The Supreme Court has given the Narendra Modi government and the RBI two weeks’ time to come up with alternatives to the issue.
On Tuesday, the Supreme Court appealed to the Centre to consider opening a window for people who couldn’t deposit demonetised notes in banks for “genuine reasons” post demonetisation.
The Centre stood its ground and maintained that the restrictions were intended to prevent black money bearers from depositing their cash, and giving grace time by opening a new window could sabotage the intent.
According to a New Indian Express report, the bench of Chief Justice J S Khehar and D Y Chandrachud countered the argument saying, “You (Government) can’t be allowed to deprive a person of his money if he couldn’t deposit it due to genuine problems. Give a window to a genuine problem. What if someone is terminally ill and couldn’t deposit the money? If he is able to prove that it is his legitimate money then how can you deprive him of his money? You cannot take his money away.”
Solicitor-General Ranjit Kumar, who represented the Centre, tried to rationalise the government’s stand. He said the window was closed to avoid malpractices. But the bench clearly said, “Don’t force us to pass a three line order and quash your December 30 notification.”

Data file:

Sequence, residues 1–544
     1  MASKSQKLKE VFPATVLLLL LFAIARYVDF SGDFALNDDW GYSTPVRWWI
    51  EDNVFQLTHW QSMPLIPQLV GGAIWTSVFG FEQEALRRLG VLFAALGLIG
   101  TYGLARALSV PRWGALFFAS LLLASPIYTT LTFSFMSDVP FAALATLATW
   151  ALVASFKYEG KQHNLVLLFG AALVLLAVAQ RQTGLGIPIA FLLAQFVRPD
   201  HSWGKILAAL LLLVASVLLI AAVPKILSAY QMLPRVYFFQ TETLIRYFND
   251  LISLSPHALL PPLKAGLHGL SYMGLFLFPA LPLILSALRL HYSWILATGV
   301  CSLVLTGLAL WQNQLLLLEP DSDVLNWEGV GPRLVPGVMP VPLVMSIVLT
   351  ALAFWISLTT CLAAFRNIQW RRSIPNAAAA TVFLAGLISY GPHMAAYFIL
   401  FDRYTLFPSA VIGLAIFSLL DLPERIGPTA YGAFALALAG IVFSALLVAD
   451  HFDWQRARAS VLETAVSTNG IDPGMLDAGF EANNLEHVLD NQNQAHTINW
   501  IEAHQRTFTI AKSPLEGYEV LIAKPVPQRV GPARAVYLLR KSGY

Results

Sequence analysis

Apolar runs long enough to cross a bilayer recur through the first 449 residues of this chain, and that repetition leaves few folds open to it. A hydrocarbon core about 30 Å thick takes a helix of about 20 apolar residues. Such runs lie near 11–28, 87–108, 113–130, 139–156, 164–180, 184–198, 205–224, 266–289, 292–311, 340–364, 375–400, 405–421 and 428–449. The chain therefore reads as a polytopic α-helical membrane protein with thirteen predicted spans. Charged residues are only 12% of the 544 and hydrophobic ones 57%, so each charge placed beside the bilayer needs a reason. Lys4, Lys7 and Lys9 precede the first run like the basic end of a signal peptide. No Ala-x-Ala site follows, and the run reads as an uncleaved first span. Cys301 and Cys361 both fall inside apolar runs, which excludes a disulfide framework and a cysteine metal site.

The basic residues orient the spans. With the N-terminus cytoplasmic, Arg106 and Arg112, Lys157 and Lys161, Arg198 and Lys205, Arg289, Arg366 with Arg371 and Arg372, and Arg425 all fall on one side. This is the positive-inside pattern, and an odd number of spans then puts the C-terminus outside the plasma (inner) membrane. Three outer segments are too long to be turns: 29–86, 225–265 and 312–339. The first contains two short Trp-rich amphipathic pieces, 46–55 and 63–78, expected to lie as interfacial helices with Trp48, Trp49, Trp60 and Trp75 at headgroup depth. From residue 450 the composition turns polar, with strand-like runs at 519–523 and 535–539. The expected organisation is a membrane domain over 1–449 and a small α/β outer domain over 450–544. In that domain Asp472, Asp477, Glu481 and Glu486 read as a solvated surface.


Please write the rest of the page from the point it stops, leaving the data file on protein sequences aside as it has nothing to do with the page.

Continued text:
November 8, 2016 marked demonetisation when Prime Minister Narendra Modi announced Rs 500 and Rs 1,000 notes would be scrapped the next day onward. But the government assured that old notes could be exchanged at banks, post offices and RBI branches till December 30, 2016. In addition to that, it also maintained that those unable to deposit the notes by Dec 30, could do so at RBI branches till March 31, 2017, after observing certain rules.
The government later specified that the March 31 deadline only applied to those who were abroad or armed forces personnel posted in remote areas or others who could give valid reasons for not being able to deposit the scrapped notes at banks.
The above appeal from the apex court was a result of hearing a batch of petitions challenging the March 31 deadline to deposit demonetised notes. The petitioners who challenged the government included women, one of whom was a window, some overseas Indians, a woman who discovered Rs 1 lakh months after her husband’s death, a lady who was ill, someone who had just delivered a baby and so on.
CJI Khehar explained the court’s stand through an analogy. An Economic Times report mentioned him saying, “Money is like “property”. And the Right to property, which used to be a fundamental right earlier, is now a legal right. Citizens cannot be deprived of property without following due process and without adequate compensation.”
“If I can prove and establish that it is my money, you cannot deprive me of my property. That would be wrong.”
The CJI emphasised that the government take measures to check the genuinity of a case and then take a call.
The Solicitor General has now informed the court that the government is open to examining these such cases on individual basis, but court should not permit opening the window to people at large. The Supreme Court has given the Narendra Modi government and the RBI two weeks’ time to come up with alternatives to the issue.